The Gifts of the Small Church is a rare book that is not about “fixing” small congregations or “turning them (us) around.” Jason Byassee has glimpsed the presence and working of God in three small United Methodist congregations in rural North Carolina, and he tells the stories of the saints he met there with loving appreciation. His wife, Jaylynn, served two of them as a two-point charge, and he took his own appointment as part-time pastor to a third small church. He sees the people of God in these congregations through the gracious, yet discerning eye of God.
Jason often had me laughing out loud, as when, for example, he describes his discovery of an ancient Easter egg during cleanup day at one of the churches. “Yes,” I chuckled, “sometimes you do find fossils of one kind or another when you poke around in a small congregation.”
Jason also drew many “amens” from me. He asserts that “the small church is just God’s primary way of saving people” (p. 4), and always has been. (Amen.) Why? Because you catch faith and learn how to be a Christian from a small group of people who know you by name and interact with you over an extended period of time. God doesn’t save people in general. God saves particular people by grace mediated through particular people.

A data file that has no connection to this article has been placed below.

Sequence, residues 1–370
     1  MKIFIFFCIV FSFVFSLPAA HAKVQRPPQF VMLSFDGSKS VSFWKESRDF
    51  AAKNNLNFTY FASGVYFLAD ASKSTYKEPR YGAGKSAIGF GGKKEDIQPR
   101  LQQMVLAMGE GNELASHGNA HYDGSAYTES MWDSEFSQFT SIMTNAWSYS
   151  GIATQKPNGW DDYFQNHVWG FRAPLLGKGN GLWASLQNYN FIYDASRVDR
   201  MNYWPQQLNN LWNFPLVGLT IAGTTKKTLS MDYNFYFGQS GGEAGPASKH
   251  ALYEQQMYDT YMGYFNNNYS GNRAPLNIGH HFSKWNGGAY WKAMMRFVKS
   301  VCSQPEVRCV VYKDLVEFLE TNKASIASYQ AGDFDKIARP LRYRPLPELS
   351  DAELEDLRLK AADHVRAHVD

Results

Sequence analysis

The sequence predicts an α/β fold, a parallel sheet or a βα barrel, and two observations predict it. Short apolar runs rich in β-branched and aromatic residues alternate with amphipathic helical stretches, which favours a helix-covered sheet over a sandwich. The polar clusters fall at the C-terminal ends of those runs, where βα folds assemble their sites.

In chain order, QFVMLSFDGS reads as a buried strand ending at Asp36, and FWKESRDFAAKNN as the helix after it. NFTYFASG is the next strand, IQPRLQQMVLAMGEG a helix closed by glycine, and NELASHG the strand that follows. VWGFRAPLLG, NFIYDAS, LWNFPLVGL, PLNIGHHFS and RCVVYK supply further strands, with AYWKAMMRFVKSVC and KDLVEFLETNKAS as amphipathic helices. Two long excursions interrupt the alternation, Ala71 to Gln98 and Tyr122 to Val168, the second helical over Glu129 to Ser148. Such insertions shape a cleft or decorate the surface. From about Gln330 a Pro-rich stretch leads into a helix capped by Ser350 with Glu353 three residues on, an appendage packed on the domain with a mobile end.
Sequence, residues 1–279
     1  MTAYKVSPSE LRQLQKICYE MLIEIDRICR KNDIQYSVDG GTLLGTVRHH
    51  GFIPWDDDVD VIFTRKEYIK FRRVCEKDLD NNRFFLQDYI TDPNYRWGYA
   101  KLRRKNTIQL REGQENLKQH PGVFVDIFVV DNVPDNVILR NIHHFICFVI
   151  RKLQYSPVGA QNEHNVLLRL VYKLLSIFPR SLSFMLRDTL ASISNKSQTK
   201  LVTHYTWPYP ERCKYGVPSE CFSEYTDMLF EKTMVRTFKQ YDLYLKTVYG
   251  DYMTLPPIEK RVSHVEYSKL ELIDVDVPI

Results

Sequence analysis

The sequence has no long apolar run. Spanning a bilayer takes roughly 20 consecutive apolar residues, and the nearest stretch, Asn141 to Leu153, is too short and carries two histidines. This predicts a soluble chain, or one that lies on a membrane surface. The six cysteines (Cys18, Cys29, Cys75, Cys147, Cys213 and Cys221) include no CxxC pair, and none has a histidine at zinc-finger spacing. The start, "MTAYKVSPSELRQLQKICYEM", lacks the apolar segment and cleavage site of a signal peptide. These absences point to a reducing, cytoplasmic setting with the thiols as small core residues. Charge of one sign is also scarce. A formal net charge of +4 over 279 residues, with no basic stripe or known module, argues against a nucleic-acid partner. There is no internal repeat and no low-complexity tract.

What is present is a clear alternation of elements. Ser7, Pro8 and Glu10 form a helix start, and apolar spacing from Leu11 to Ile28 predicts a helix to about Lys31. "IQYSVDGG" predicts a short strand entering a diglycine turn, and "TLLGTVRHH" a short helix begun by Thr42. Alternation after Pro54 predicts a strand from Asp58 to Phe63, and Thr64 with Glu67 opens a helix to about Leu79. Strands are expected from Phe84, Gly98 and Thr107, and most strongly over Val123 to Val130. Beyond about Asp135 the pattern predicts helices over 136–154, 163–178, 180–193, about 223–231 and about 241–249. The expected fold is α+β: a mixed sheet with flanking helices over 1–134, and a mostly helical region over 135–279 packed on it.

Moreover, that small group of particular people serves as a school for discipleship. Whether you are the pastor or a person in the pew, in the small church there’s no way to avoid the people that you hate, or that at least get on your nerves. You must learn Christian virtues like patience. You must practice the gospel gifts of grace and forgiveness. You must learn to love people as they are, not as you wish them to be. In other words, you have to want to learn to be like Jesus in your heart.
While Jason looks at the small church through loving eyes, he also looks through realistic eyes. Every church, whatever its size, is beset by sin and the problems that result. As he puts it, “[S]inners are all God’s got to work with” (p. xii), and preachers certainly are in that number. (Amen again.) And yes, I agree with Jason that some small congregations are not healthy, and that some need to die by closure so that God can bring about a surprising resurrection. (more…)